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Meet C. Nicole Jones and Madeline Scales-Taylor of Mico Hairbows in Jacksonville

Today we’d like to introduce you to C. Nicole Jones and Madeline Scales-Taylor.

C. Nicole Jones and Madeline, please share your story with us. How did you get to where you are today?
Grandmother and Granddaughter duo Mimi and Nicole (Coco). We wanted a fun way to celebrate the black culture with little future HBCU grads and those of all ages who want a little extra school spirit. I received my bachelor’s degree from Clark Atlanta University in 2017 where I majored in advertising graphic design. I later took a year off to really hone my skills while working on my portfolio to better position myself for graduate school. I was thrilled to get into the #3 graphic design school in the United States; Maryland Institute College of Art. After an intensive year long program, I received my master’s degree.

Overall, has it been relatively smooth? If not, what were some of the struggles along the way?
I would say no. I was raised by my grandparents, (my father’s parents). My father, who had me at 21 knew that I would have more opportunities if his parents provided for me. That turned into 18 years, and I grateful for them all. I grew up in an upper middle-class neighborhood in a predominately conservative area. I knew I was different, so much that I can remember being bullied all throughout high school. It wasn’t until my senior year of high school that I would have another black student in one of my classes. I was the kid that that needed extra time on test because I was really bad at taking test. I had absolutely no friends at any schools I went too and being black didn’t help my situation. Thankfully, my grandma (Mimi) and my grandpa (Poppy) who raised me joined Jack and Jill of America Inc. to combat that while being able to attend the best school in that district. I met my best friends through Jack and Jill and I consider the Jacksonville Chapter family today. Being the minority for so much of my life made me realize I have to go to an Historically Black University or Institution. I only applied to them because that’s how passionate I am about sending our youth to schools created for them.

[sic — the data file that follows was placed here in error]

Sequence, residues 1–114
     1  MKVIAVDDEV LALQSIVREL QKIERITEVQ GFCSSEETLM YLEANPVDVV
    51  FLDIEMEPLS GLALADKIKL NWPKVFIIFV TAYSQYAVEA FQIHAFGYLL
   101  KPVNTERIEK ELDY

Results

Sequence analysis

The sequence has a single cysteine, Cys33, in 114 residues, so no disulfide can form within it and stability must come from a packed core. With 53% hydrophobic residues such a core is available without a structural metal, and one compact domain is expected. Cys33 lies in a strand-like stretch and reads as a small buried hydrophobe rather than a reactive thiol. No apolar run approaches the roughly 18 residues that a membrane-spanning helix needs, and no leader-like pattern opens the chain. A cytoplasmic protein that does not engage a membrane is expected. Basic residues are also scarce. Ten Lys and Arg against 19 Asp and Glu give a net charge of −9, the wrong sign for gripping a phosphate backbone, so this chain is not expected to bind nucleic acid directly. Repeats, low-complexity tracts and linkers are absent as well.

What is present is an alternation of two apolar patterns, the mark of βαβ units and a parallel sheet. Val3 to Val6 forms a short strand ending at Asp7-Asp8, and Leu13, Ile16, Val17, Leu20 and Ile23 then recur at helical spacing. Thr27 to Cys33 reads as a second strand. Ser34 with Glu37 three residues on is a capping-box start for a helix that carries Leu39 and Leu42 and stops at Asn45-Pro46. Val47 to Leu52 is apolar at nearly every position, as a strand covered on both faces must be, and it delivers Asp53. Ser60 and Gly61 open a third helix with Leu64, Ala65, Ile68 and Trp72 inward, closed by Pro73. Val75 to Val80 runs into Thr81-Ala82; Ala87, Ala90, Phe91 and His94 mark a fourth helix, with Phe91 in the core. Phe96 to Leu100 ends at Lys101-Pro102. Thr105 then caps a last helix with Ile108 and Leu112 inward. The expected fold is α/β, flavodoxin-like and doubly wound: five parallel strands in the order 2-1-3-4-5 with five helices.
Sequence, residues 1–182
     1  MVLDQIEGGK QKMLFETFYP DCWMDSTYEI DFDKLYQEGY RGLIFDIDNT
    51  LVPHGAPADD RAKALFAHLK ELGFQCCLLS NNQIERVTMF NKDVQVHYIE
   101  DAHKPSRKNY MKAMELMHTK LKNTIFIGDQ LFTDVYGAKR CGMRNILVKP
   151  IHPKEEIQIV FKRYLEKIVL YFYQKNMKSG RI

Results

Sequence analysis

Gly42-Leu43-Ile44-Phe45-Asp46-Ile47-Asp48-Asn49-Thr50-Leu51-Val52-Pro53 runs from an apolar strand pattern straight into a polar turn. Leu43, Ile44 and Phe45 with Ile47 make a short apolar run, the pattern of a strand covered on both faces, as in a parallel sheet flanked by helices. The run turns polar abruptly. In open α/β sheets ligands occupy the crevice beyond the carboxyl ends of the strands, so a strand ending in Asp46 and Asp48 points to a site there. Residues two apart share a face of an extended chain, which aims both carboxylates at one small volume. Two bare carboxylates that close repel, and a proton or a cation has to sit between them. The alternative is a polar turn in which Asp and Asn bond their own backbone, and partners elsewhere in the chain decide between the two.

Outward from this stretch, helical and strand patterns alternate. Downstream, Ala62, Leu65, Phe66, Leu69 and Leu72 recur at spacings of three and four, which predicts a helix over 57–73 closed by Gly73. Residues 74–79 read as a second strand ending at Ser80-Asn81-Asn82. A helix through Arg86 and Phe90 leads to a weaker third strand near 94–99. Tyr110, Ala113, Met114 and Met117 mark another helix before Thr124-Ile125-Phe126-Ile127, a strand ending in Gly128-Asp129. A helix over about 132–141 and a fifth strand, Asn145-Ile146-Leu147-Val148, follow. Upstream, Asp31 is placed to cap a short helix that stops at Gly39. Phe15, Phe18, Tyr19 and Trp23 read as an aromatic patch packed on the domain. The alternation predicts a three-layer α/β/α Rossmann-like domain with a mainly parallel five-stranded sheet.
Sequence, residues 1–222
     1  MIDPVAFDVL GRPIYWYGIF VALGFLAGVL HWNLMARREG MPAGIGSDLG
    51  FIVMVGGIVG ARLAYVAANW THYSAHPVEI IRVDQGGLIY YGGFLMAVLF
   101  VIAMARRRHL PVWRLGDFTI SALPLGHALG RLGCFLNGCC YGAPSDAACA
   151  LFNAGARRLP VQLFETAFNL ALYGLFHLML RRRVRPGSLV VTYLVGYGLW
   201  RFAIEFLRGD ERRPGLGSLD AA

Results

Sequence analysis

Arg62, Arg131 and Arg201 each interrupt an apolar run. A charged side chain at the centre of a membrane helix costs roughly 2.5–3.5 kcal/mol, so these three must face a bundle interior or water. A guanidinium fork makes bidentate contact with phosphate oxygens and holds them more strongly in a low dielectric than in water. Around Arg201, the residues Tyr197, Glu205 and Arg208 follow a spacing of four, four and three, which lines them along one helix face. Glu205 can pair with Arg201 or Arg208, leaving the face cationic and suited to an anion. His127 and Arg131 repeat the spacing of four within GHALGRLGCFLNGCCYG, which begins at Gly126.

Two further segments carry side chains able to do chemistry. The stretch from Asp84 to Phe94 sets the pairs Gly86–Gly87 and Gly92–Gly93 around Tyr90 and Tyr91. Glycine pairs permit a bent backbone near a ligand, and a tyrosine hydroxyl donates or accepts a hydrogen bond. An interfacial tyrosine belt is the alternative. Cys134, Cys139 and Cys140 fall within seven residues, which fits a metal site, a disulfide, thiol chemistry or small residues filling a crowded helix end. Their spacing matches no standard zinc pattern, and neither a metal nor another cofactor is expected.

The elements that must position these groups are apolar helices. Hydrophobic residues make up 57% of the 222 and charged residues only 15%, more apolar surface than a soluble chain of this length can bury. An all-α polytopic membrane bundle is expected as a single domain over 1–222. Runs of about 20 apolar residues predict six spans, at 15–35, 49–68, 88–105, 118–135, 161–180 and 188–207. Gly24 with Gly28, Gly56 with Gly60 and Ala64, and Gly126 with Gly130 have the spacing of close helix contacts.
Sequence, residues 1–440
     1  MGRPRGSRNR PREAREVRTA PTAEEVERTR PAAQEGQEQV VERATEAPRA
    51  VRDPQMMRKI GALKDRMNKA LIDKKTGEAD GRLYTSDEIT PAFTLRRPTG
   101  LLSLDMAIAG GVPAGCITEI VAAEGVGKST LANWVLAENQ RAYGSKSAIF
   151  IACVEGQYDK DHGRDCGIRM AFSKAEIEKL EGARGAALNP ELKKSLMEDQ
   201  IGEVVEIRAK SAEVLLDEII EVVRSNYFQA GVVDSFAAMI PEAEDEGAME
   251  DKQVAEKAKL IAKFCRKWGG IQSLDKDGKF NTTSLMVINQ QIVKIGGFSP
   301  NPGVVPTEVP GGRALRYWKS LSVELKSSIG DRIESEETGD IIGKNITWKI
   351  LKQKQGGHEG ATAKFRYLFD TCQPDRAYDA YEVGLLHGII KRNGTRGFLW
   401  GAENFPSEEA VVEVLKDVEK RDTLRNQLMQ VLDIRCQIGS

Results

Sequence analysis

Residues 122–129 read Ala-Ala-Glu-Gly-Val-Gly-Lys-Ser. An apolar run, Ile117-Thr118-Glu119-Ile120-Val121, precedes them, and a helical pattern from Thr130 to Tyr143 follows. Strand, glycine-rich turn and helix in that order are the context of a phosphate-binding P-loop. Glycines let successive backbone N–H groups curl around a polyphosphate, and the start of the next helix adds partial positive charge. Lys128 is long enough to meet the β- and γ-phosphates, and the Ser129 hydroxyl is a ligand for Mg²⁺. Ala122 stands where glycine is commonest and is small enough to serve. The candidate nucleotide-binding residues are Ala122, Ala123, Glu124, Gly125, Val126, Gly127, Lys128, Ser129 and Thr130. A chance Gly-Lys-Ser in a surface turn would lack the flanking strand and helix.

Shortly after grad school I accepted a designer position at a studio in the Baltimore Area. Upon starting the job, I was enthusiastic about the position however I found myself wishing I had a mentor. I found environmental graphic design was quite different from traditional graphic design. It was challenging in that I felt like I wasn’t getting all the information on clients because I was rarely included in on initial meetings, presentations and that I wasn’t getting a variety of work. In my head I knew this would stunt my performance so I continued to job search even once I got the job. I was the most junior person on the team, the last hire, black, female and working in a small studio. With the pandemic not on my side either, I was laid off, with little surprise there. I know that only 3% of designers are black but I did not think I would be laid off from my first job. I do believe I was racially profiled because I was not laid off because of my performance. However, I did not let that discourage me and the very next day, Mico Hairbows was born.